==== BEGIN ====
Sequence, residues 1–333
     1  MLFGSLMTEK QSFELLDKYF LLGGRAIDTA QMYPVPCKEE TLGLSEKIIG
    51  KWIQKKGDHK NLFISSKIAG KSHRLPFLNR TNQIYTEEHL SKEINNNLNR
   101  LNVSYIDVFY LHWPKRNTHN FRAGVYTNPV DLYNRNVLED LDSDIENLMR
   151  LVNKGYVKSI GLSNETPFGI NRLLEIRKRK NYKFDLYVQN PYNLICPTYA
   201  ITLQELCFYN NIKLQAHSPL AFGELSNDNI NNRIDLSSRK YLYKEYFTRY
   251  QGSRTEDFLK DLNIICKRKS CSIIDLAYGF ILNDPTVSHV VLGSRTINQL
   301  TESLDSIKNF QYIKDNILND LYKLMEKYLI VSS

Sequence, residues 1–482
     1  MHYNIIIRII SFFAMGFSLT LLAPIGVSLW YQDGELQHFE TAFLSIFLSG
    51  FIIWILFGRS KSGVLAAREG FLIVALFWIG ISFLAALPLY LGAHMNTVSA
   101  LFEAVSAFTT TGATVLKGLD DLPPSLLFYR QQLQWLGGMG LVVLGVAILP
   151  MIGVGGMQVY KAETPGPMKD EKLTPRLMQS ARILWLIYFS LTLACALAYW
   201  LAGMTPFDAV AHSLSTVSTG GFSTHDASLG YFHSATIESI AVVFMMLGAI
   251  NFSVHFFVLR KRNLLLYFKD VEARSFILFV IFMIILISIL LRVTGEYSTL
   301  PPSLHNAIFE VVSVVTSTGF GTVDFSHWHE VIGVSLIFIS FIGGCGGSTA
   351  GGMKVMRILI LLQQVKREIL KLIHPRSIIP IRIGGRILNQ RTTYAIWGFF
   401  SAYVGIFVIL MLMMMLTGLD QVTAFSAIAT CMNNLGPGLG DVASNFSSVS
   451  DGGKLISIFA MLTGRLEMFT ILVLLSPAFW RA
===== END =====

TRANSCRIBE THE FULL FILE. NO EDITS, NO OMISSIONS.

Sequence, residues 1–333
     1  MLFGSLMTEK QSFELLDKYF LLGGRAIDTA QMYPVPCKEE TLGLSEKIIG
    51  KWIQKKGDHK NLFISSKIAG KSHRLPFLNR TNQIYTEEHL SKEINNNLNR
   101  LNVSYIDVFY LHWPKRNTHN FRAGVYTNPV DLYNRNVLED LDSDIENLMR
   151  LVNKGYVKSI GLSNETPFGI NRLLEIRKRK NYKFDLYVQN PYNLICPTYA
   201  ITLQELCFYN NIKLQAHSPL AFGELSNDNI NNRIDLSSRK YLYKEYFTRY
   251  QGSRTEDFLK DLNIICKRKS CSIIDLAYGF ILNDPTVSHV VLGSRTINQL
   301  TESLDSIKNF QYIKDNILND LYKLMEKYLI VSS

Sequence, residues 1–482
     1  MHYNIIIRII SFFAMGFSLT LLAPIGVSLW YQDGELQHFE TAFLSIFLSG
    51  FIIWILFGRS KSGVLAAREG FLIVALFWIG ISFLAALPLY LGAHMNTVSA
   101  LFEAVSAFTT TGATVLKGLD DLPPSLLFYR QQLQWLGGMG LVVLGVAILP
   151  MIGVGGMQVY KAETPGPMKD EKLTPRLMQS ARILWLIYFS LTLACALAYW
   201  LAGMTPFDAV AHSLSTVSTG GFSTHDASLG YFHSATIESI AVVFMMLGAI
   251  NFSVHFFVLR KRNLLLYFKD VEARSFILFV IFMIILISIL LRVTGEYSTL
   301  PPSLHNAIFE VVSVVTSTGF GTVDFSHWHE VIGVSLIFIS FIGGCGGSTA
   351  GGMKVMRILI LLQQVKREIL KLIHPRSIIP IRIGGRILNQ RTTYAIWGFF
   401  SAYVGIFVIL MLMMMLTGLD QVTAFSAIAT CMNNLGPGLG DVASNFSSVS
   451  DGGKLISIFA MLTGRLEMFT ILVLLSPAFW RA